It must have been so strange. At 8:30pm on September 8th, 1966, television viewers in the United States were introduced to a curious object flying in from stage left, clad in muted whites, greys, and reds. The starship Enterprise, as conceived by Gene Roddenberry and designed by Matt Jefferies, would quickly become an icon of not only “Star Trek”, but also science fiction and escapism, with familiar shapes brought together to create a refreshing and innovative design unlike anything previously seen.
Science fiction films set in space were plentiful in the first half of the 20th century, from Georges Méliès' “Le Voyage dans la Lune” (“A Trip to the Moon”) in 1902 to 1950's “Rocketship XM”, and for the most part, the spaceships that followed had similar patterns. Movies, television, and pulp novels and magazines displayed images of flying saucers, rockets, and cigar-shaped objects before the American imagination was captivated in the late 1940s by apparent sightings of these objects. Flash Gordon, for example, visited the planet Mongo in a rocket, while Gort and Klaatu in The Day The Earth Stood Still visited us in a flying saucer.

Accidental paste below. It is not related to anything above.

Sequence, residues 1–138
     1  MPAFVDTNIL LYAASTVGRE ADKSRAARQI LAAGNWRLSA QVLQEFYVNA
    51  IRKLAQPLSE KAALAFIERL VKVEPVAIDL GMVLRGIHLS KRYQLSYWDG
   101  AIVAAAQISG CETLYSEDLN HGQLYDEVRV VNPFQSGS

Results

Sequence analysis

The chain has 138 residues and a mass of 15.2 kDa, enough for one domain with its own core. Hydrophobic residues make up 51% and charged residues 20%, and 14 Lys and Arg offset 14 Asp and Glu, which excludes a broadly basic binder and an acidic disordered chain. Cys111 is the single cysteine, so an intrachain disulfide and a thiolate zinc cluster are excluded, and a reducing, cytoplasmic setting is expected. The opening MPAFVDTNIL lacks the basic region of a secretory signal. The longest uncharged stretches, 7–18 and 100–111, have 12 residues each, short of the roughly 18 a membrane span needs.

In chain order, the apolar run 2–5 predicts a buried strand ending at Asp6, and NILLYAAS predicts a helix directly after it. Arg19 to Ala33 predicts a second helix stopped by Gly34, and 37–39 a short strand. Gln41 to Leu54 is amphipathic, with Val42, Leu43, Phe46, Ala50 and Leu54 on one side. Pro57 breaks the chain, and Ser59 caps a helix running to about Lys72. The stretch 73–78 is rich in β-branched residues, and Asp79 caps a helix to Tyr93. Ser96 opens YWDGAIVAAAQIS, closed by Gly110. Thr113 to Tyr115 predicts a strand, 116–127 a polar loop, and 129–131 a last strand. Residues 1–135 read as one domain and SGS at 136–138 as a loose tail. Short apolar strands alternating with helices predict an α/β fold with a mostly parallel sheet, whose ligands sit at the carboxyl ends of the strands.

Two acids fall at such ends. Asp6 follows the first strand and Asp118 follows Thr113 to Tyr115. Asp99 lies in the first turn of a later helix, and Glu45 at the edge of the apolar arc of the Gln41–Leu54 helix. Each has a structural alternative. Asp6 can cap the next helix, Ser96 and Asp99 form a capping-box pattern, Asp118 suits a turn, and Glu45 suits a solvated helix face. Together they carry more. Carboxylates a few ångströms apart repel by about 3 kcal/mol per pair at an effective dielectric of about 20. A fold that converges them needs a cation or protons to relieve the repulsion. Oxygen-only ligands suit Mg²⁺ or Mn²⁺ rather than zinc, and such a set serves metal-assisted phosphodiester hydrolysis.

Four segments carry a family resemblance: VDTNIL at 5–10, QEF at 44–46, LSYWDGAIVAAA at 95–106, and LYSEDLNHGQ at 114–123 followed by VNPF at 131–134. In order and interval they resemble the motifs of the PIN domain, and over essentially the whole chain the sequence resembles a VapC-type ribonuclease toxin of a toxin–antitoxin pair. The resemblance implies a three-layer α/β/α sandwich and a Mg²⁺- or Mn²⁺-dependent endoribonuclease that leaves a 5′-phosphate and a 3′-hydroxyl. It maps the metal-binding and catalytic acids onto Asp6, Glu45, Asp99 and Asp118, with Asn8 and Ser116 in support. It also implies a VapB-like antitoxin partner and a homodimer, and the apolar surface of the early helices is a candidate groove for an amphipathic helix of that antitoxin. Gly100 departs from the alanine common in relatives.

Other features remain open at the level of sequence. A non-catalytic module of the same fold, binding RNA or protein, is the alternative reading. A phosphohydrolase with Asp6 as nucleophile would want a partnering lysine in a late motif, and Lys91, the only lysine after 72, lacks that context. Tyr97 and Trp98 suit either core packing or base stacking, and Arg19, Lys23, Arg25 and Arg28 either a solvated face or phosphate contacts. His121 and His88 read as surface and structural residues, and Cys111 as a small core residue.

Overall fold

“Star Trek” creator Roddenberry was adamant that the Enterprise not be anything like a rocket. He wanted a believable, unique design that was based somewhat on existing science, and how that might evolve in the future in the show's 23rd Century…
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